“Human barcode” threat has new corporate faces
by Joel McDurmon on Jun 4, 2012
The NY Daily News reports,
Would you barcode your baby?
Microchip implants have become standard practice for our pets, but have been a tougher sell when it comes to the idea of putting them in people.
Science fiction author Elizabeth Moon last week rekindled the debate on whether it’s a good idea to “barcode” infants at birth in an interview on a BBC radio program.
“I would insist on every individual having a unique ID permanently attached — a barcode if you will — an implanted chip to provide an easy, fast inexpensive way to identify individuals,” she said on The Forum, a weekly show that features “a global thinking” discussing a “radical, inspiring or controversial idea” for 60 seconds .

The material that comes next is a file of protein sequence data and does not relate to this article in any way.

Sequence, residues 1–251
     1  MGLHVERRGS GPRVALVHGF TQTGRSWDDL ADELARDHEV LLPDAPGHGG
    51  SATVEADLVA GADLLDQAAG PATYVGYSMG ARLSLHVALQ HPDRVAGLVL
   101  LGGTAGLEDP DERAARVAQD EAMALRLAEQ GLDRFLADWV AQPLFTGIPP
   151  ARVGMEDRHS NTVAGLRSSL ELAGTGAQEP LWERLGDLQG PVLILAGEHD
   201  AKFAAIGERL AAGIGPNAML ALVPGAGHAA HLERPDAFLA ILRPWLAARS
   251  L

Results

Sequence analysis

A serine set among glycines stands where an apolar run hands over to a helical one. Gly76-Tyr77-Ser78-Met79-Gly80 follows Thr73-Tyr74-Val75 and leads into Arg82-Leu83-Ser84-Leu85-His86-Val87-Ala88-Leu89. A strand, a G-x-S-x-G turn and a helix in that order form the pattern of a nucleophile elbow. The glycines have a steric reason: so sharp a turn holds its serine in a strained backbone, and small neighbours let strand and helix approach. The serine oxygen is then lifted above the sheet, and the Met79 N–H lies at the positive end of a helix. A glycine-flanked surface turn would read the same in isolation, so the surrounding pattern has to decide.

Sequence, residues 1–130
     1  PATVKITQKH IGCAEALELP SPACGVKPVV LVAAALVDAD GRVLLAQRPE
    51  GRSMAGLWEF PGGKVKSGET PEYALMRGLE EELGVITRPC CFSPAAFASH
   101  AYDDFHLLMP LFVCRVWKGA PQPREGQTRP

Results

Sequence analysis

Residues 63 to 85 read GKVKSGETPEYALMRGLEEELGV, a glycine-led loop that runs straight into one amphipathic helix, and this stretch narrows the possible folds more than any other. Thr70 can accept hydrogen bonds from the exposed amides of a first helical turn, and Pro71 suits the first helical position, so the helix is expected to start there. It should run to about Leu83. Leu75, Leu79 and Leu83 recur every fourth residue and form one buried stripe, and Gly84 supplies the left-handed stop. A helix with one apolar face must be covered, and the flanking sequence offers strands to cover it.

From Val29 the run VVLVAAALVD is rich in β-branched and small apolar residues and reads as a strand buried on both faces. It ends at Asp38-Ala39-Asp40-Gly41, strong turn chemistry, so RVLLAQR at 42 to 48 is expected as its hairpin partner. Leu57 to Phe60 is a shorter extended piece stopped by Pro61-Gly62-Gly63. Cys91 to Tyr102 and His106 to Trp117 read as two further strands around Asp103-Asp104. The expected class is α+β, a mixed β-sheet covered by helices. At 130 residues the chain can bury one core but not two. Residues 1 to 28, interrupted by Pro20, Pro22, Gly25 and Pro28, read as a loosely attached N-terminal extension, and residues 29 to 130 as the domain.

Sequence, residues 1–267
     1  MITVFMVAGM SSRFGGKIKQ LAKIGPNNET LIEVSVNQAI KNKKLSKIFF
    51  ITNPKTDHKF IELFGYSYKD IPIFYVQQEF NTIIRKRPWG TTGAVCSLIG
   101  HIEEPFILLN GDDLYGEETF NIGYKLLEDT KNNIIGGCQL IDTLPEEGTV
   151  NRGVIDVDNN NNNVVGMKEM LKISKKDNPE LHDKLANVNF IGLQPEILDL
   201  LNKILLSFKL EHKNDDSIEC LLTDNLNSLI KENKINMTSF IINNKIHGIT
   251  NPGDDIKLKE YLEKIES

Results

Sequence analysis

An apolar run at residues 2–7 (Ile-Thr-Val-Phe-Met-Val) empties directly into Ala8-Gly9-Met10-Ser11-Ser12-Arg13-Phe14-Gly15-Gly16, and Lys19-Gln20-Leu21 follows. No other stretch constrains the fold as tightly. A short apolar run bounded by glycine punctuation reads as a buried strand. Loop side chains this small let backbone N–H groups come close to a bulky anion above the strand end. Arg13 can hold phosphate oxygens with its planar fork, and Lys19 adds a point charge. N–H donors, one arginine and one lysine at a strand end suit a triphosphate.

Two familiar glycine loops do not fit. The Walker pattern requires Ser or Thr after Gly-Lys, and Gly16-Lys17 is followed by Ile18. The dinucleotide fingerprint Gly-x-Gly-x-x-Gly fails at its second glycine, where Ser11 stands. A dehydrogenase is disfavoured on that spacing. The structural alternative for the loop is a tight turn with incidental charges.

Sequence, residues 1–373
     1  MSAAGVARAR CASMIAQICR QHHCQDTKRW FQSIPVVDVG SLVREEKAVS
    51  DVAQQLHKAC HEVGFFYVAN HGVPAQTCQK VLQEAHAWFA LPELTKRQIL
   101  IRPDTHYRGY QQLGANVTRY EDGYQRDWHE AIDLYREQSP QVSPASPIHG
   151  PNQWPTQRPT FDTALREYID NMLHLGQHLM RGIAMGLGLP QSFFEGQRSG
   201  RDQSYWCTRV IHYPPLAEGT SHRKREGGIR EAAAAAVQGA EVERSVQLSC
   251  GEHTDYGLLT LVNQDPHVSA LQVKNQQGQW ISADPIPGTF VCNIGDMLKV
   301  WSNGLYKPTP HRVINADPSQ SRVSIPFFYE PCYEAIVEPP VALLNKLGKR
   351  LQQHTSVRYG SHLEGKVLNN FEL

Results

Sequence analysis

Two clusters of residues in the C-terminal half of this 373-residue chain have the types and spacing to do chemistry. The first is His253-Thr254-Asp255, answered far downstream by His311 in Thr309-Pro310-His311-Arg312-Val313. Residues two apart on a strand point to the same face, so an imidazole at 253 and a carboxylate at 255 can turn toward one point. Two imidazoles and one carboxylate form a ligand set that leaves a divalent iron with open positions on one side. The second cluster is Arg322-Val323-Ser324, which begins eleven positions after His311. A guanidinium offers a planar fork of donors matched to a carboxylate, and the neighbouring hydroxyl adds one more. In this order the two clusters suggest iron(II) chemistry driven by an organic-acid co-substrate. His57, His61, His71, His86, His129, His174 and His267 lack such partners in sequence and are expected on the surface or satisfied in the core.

Moon believes the tools most commonly used for surveillance and identification — like video cameras and DNA testing — are slow, costly and often ineffective.
In her opinion, human barcoding would save a lot of time and money. . . .
Biotech company MicroCHIPS has developed an implantable chip to deliver medicine to people on schedule and without injection. And technology company BIOPTid has patented a noninvasive method of identification called the “human barcode.”